Follistatin may also be involved indirectly in the regulation of mesenchymal Fgfs, which are normally expressed in the dental papilla adjacent to the cervical loops. Fgf3 is only expressed on the labial side and plays an important role, interacting with Fgf10 to maintain ameloblast precursor cells (Harada et al. 1999, 2002). Follistatin-overexpressing transgenic mice fail to express Fgf3 in the dental papilla next to the labial cervical loop, whereas Fgf3 is ectopically expressed on the lingual cervical loop in the follistatin null mouse (Wang et al. 2007). Bmp4 represses Fgf3, whereas Activin, which is preferentially expressed in labial mesenchyme, inhibits the effect of Bmp4 and stimulates Fgf3 expression in the labial mesenchyme. The presence of Fgf3 then results in the formation of a large cervical loop on this side. In this case, Follistatin appears to inhibit the proliferation of ameloblast precursor cells by inhibiting Activin, allowing Bmp4 to block the expression of Fgf3 on the lingual side (Thesleff et al. 2007). Recent studies carried out on the Sprouty genes show the effect of these receptor tyrosine kinase antagonists on the maintenance of ameloblasts precursor cells in the incisors. The inactivation of Sprouty 4 in conjunction with the inactivation of one allele of Sprouty 2 creates incisors with enamel on both lingual and labial sides. These ‘tusk’ mutant mice have excessively long incisors due to the inability of these incisors to erode (Klein et al. 2008). This phenotype is achieved by the disruption of the inhibitory effect Sprouty has on the Fgf signalling loop on the lingual side of the incisors. Fgf9 is expressed in the inner enamel epithelium on the labial side, overlying the expression domain of Fgf3 and Fgf10 in the mesenchyme. In the Sprouty 2/4 mutant, Fgf9, 3 and 10 are all upregulated on the lingual side, and enamel is formed (Klein et al. 2008). Again this stresses the importance of Fgf3 being asymmetrically expressed, producing a greater dose of Fgf signalling on the labial side that allows the differentiation of ameloblasts (Fig. 6).
Tooth hard tissue
The later stages of tooth development are characterized by the formation of the mineralized tissue: dentin, cementum and enamel. Dentin and cementum have significant similarities with bone (Linde & Goldberg, 1993), but enamel is the only epithelially derived calcified tissue in mammals and is unique in its structure.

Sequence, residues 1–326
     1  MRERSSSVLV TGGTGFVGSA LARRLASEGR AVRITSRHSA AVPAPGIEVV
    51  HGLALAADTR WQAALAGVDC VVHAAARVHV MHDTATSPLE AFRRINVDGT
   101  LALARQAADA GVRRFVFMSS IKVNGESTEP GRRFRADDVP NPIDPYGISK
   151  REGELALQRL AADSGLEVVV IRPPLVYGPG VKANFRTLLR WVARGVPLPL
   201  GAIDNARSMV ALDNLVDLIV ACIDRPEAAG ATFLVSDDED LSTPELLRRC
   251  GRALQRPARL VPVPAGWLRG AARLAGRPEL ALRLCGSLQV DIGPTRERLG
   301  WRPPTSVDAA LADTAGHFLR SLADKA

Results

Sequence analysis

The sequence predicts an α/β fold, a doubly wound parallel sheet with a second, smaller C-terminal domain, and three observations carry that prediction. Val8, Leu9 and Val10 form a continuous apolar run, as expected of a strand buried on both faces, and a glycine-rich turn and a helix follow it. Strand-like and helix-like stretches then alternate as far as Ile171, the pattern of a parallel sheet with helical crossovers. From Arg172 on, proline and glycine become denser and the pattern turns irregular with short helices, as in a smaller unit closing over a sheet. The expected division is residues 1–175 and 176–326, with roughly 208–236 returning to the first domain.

Differentiated ameloblasts express tissue-specific genes whose extracellular matrix products result in the formation of mineralized enamel matrix. Ameloblasts secrete two major classes of proteins, glycosylated and nonglycosylated. The nonglycosylated are the hydrophobic amelogenins, which are the most abundant proteins in the enamel matrix, constituting around 90%. These proteins are believed to function as the principal enamel deposition organizers, but lately they have been suspected to be involved in root formation, periodontium regeneration and to function as growth factors (Zeichner-David, 2001). Amelogenin expression has also been found in soft tissues suggesting functions other than as a nucleator of mineralized tissue (Deutsch et al. 2006). Leucine-rich amelogenin peptide (LRAP), an alternatively spliced amelogenin, has been shown to have a role in the upregulation of osteopontin in cementogenesis via the MAPK pathway (Boabaid et al. 2004). In addition, Fanchon and colleagues hypothesized that the deficiency of dentin mineralization in tooth organs treated with matrix metalloproteinase inhibitors could be the result of the infiltration and accumulation of amelogenin in the matrix adjacent to the odontoblasts (Fanchon et al. 2004). The glycosylated or non-amelogenin enamel proteins include tuftelin, ameloblastin and enamelin. Tuftelin was the first non-amelogenin protein characterized, but its function on tooth development is still not well understood (Deutsch et al. 1991; Zeichner-David et al. 1997). Tuftelin has also been found to be expressed in other organs such as kidney, lung, liver and testis (MacDougall et al. 1998; Leiser et al. 2007). Ameloblastin represents about 5% of the enamel matrix and has been immuno-localized in the secretory ameloblast (Uchida et al. 1998; Brookes et al. 2001). Studies carried out on the interaction between ameloblastin and amelogenin suggest a co-operative function in the scaffolding needed for the formation of enamel (Ravindranath et al. 2004). Mouse recombinant ameloblastin acts as a growth factor increasing cell attachment and proliferation of periodontal ligament cells in vitro (Zeichner-David et al. 2006). Ameloblastin has also been found in pre-odontoblast, pulpal mesenchymal cells and Hertwig's epithelial root sheath (HERS) cells, but its function in these tissues as well as in ameloblasts is still not fully understood (Zeichner-David et al. 2003). Enamelin is a large enamel protein that has also been immuno-localized to the secretory ameloblast (Hu et al. 1997). ENAMELIN is thought to be the main candidate gene responsible for the autosomal-inherited form of amelogenesis imperfecta (AI), and mutations in AMELOGENIN lead to X-linked AI (Kim et al. 2004; Kim et al. 2005). In organ cultures the addition of insulin, or insulin-like growth factor-I and -II (Igf-I and -II), results in the induction of ameloblastin, amelogenin, and enamelin and may represent one of the signalling pathways involved in ameloblast induction (Takahashi et al. 1998; Caton et al. 2005).